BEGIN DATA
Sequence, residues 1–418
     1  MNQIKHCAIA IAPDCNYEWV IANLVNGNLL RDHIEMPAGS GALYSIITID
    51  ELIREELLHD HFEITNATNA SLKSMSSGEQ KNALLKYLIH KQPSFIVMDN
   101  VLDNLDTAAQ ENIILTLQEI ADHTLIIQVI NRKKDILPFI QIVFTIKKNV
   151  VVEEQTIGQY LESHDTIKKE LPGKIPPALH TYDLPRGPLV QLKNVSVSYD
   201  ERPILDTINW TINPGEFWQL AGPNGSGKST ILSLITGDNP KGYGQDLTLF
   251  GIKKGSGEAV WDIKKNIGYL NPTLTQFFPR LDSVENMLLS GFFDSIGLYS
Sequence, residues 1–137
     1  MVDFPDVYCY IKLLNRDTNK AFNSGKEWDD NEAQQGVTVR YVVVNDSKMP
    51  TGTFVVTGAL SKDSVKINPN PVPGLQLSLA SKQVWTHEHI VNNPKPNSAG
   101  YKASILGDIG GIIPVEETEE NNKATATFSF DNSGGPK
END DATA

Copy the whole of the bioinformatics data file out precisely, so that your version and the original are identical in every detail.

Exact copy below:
Sequence, residues 1–418
     1  MNQIKHCAIA IAPDCNYEWV IANLVNGNLL RDHIEMPAGS GALYSIITID
    51  ELIREELLHD HFEITNATNA SLKSMSSGEQ KNALLKYLIH KQPSFIVMDN
   101  VLDNLDTAAQ ENIILTLQEI ADHTLIIQVI NRKKDILPFI QIVFTIKKNV
   151  VVEEQTIGQY LESHDTIKKE LPGKIPPALH TYDLPRGPLV QLKNVSVSYD
   201  ERPILDTINW TINPGEFWQL AGPNGSGKST ILSLITGDNP KGYGQDLTLF
   251  GIKKGSGEAV WDIKKNIGYL NPTLTQFFPR LDSVENMLLS GFFDSIGLYS
Sequence, residues 1–137
     1  MVDFPDVYCY IKLLNRDTNK AFNSGKEWDD NEAQQGVTVR YVVVNDSKMP
    51  TGTFVVTGAL SKDSVKINPN PVPGLQLSLA SKQVWTHEHI VNNPKPNSAG
   101  YKASILGDIG GIIPVEETEE NNKATATFSF DNSGGPK